Khashoggi at that time wrote from Washington: "I have made a different choice now. I have left my home, my family and my job, and I am raising my voice. To do otherwise would betray those who languish in prison".
His Turkish fiancee and two other Saudi sources familiar with the event said Khashoggi had been missing since he entered the consulate in Istanbul -- Turkey's largest city and business capital -- on Oct 2.
Saudi Arabia has strenuously denied any involvement in Khashoggi's disappearance, calling the claims "false". An un-named Saudi official claimed that Khashoggi exited the consulate shortly after he visited. But that later proved to be false. The Saudis did not release any surveillance footage or other proof that Khashoggi had left.
On Oct. 16, APS sources in Riyadh, Ankara and Istanbul said that, by then, the Saudi government had decided but had been un-able to stop letting reports relating to Khashoggi's murder and its international implications drag on. Confirming this, CNN's television network on Oct. 16 showed a recorded tape on that day showing US Secretary of State Mike Pompeo being received by Saudi King Salman at the royal palace in the Saudi capital.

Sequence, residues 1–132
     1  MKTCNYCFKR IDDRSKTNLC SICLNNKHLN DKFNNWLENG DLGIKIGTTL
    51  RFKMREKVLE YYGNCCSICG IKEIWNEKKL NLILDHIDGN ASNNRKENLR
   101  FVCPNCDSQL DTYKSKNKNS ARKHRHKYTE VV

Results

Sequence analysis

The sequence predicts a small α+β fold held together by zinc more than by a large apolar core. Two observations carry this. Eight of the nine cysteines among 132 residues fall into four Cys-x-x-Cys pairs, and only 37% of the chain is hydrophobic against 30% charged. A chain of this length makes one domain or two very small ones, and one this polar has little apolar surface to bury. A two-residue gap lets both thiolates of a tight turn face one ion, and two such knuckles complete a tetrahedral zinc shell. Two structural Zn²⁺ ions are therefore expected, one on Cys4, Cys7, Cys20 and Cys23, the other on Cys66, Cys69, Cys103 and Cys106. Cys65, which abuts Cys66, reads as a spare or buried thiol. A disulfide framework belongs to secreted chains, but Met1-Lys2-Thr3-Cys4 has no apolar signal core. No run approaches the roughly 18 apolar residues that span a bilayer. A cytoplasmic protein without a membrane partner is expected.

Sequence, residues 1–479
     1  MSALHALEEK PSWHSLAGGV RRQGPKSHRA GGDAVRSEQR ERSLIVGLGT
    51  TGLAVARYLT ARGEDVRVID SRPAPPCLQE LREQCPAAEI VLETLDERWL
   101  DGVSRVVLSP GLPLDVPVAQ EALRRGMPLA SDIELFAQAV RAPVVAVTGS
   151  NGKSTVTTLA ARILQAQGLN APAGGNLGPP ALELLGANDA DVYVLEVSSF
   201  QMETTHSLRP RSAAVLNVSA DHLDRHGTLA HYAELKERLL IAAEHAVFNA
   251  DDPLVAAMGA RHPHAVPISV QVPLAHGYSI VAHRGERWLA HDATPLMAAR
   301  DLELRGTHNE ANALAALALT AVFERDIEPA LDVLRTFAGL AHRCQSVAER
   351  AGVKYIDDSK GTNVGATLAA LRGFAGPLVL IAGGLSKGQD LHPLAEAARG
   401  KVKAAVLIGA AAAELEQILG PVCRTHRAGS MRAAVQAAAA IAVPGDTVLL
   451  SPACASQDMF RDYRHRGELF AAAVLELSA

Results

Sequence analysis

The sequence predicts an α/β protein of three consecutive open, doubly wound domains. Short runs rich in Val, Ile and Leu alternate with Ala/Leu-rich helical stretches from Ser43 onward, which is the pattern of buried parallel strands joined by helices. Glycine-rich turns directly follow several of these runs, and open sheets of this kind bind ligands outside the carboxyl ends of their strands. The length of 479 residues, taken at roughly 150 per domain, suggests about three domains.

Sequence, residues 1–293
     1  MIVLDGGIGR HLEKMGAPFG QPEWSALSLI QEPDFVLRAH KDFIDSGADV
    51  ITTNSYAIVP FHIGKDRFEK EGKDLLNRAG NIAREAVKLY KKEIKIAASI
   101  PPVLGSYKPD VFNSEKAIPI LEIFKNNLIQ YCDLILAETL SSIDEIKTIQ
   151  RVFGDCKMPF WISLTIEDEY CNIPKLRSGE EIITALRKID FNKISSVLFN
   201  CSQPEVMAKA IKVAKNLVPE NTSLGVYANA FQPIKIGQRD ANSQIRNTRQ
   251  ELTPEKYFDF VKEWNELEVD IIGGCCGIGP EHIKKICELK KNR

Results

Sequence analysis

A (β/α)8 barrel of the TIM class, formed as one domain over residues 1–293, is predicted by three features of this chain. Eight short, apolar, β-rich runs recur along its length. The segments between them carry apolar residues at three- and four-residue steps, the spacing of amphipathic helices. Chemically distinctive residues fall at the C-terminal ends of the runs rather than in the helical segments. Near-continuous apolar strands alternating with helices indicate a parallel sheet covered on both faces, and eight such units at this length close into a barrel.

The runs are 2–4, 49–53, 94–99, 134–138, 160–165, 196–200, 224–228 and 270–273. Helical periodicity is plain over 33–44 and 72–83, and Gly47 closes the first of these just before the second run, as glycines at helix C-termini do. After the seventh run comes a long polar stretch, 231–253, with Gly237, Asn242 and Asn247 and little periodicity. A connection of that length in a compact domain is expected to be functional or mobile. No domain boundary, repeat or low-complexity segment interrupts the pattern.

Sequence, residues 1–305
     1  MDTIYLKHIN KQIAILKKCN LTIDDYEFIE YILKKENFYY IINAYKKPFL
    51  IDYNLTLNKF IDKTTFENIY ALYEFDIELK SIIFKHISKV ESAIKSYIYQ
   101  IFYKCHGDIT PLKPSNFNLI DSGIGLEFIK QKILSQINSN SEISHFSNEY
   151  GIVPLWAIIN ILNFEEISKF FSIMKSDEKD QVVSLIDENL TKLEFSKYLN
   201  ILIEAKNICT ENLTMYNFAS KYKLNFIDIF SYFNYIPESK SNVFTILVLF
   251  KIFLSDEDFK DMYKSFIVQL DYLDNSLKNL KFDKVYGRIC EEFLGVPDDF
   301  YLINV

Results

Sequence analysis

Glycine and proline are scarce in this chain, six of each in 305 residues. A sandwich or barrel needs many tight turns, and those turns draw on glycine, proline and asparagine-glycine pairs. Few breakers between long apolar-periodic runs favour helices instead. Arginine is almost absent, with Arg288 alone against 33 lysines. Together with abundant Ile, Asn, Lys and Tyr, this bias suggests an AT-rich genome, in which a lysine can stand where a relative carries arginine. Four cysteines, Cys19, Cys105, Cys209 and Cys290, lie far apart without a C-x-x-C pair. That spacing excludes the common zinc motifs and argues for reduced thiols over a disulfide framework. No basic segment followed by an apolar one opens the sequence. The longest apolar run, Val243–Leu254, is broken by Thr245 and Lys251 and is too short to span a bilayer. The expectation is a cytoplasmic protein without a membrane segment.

It had become clear by Oct. 16 that the Khashoggi story had become far too important for a Wahhabi kingdom like Saudi Arabia to kill all related media reports. The case had become far too important for Saudi Arabia to bend its rule and let the world forget about the Khashoggi story.
In the meantime, the Turkish government had launched an investigation into the disappearance of Khashoggi. That was according to Turkey's state-owned and run news agency Anadolu. Omer Celik (born on June 15, 1968 in Adana) is a Turkish journalist and politician. Between Jan. 24, 2013 and August 28, 2015, Celik had served as Minister of Culture and Tourism. He subsequently served as the minister of European Union Affairs and as the chief negotiator for Turkish accession to the European Union since May 24 May 2016.